Other prominent leaders in the European CAD/CAM device market include 3Shape, DeguDent and 3M ESPE. In 2011, these three competitors accounted for more than 30 percent of all CAD and CAM systems sold in Europe. 3Shape, a Danish company, quickly penetrated the standalone scanner market with its various industry partners and open architecture business model, which allows their scanners and software to be compatible with a variety of systems.

In addition to the conventional method of milling restorations through CAD/CAM, emerging technologies in the dental industry include rapid prototyping systems which utilise an additive manufacturing process. The majority of competitors in this segment have years of experience with the technology, but have just recently entered the dental market with their systems. They  include 3D Systems and envisionTEC, two global leaders in the rapid prototyping industry. This technology, along with that of chairside intra-oral digital impression-taking devices, is an emerging technology in the European market. And while the initial investment for these systems is high, they are expected to gain widespread market adoption with increasing awareness.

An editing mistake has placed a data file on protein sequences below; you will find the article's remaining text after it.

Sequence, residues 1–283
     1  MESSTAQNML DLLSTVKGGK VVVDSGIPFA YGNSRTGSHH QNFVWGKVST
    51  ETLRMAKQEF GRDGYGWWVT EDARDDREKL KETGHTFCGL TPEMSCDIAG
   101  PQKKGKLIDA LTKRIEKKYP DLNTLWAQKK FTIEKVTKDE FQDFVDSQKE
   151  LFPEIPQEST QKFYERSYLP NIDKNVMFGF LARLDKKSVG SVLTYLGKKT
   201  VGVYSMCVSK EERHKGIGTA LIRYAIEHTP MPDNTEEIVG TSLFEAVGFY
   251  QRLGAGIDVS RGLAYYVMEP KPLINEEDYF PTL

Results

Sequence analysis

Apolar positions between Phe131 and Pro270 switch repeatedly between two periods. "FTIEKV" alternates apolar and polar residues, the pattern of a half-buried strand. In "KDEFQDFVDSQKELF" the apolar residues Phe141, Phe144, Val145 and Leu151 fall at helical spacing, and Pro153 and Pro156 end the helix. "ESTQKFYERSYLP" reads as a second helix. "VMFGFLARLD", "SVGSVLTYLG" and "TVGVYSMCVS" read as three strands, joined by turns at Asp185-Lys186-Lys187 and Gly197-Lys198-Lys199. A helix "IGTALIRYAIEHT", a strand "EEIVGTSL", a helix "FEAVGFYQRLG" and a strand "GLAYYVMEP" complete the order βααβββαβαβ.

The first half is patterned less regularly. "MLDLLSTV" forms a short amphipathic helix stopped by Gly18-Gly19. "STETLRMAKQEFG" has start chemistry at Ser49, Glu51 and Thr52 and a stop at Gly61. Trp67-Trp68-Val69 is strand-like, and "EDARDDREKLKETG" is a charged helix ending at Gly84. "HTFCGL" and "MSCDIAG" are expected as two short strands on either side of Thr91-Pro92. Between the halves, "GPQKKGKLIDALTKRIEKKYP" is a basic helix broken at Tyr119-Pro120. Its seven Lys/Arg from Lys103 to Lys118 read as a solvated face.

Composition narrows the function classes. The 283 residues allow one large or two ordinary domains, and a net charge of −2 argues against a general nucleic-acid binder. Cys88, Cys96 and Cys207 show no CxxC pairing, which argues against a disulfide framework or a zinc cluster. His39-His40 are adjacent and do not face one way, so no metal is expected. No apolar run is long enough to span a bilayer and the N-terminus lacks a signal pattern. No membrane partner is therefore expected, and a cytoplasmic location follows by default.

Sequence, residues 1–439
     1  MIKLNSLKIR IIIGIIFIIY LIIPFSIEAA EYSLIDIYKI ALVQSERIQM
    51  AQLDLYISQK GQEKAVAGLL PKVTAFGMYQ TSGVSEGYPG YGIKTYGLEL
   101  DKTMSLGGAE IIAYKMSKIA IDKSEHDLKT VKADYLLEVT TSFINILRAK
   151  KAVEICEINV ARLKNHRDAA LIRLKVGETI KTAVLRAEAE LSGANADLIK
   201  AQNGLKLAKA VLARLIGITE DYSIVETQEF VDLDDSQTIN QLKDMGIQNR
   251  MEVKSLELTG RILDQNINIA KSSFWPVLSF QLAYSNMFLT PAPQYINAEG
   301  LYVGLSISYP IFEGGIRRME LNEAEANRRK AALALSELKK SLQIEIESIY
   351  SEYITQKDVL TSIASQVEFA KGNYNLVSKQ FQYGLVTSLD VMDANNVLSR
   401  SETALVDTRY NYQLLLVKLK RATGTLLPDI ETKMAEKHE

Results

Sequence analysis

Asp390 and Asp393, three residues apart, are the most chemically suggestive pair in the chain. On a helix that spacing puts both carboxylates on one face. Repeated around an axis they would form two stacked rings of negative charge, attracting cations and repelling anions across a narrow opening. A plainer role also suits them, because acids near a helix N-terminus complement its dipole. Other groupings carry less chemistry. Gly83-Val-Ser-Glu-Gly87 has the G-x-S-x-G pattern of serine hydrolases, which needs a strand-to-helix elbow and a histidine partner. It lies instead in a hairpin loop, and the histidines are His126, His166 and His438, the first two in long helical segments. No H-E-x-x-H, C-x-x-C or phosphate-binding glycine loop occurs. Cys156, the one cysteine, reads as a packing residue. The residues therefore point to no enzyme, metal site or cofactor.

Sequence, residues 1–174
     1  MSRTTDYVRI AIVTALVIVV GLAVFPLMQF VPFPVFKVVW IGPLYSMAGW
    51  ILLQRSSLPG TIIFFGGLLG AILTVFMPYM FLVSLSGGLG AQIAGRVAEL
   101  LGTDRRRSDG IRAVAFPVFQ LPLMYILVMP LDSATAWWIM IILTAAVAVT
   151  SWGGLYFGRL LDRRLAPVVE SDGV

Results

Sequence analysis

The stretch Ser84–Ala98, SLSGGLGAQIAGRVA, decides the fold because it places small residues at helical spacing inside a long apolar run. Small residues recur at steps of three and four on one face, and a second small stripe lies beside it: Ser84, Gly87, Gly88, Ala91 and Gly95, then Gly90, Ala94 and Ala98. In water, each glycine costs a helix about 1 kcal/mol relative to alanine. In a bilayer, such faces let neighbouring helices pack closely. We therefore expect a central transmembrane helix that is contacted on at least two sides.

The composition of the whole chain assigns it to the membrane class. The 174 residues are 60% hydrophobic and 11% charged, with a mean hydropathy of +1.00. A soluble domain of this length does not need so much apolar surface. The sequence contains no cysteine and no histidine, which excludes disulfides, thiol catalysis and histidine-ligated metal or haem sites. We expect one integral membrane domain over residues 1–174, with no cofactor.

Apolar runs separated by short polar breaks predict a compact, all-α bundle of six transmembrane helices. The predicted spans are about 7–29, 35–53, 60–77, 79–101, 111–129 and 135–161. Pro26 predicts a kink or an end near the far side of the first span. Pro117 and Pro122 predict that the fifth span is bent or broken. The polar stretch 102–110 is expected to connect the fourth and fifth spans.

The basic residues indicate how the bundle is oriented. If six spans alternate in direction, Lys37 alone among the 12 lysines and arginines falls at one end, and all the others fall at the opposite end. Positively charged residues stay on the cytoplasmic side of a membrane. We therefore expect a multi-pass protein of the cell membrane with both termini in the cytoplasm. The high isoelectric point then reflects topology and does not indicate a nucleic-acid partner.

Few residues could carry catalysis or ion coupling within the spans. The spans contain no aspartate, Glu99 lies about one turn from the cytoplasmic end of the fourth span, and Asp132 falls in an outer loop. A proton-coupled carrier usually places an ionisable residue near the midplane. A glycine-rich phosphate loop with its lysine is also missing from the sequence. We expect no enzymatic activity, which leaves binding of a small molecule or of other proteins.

Additional Information

The information contained in this article is taken from a detailed and comprehensive report published by iData Research (www.idataresearch.net) entitled “U.S. Market for Dental Bone Graft Substitutes and Other Biomaterials”. For more information and a free synopsis of the above report, please contact iData Research at: [email protected]

iData Research is an international market research and consulting firm focused on providing market intelligence for the medical device, dental and pharmaceutical industries. Watch their short company movie at:

http://www.idataresearch.net/discoveridata.html

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Jun 18, 2021

Skin Analytics wins NHSX award for AI skin cancer tool 

AI
NHS
skincancer
Cancer
2 min
Skin Analytics uses AI to detect skin cancer and will be deployed across the NHS to ease patient backlogs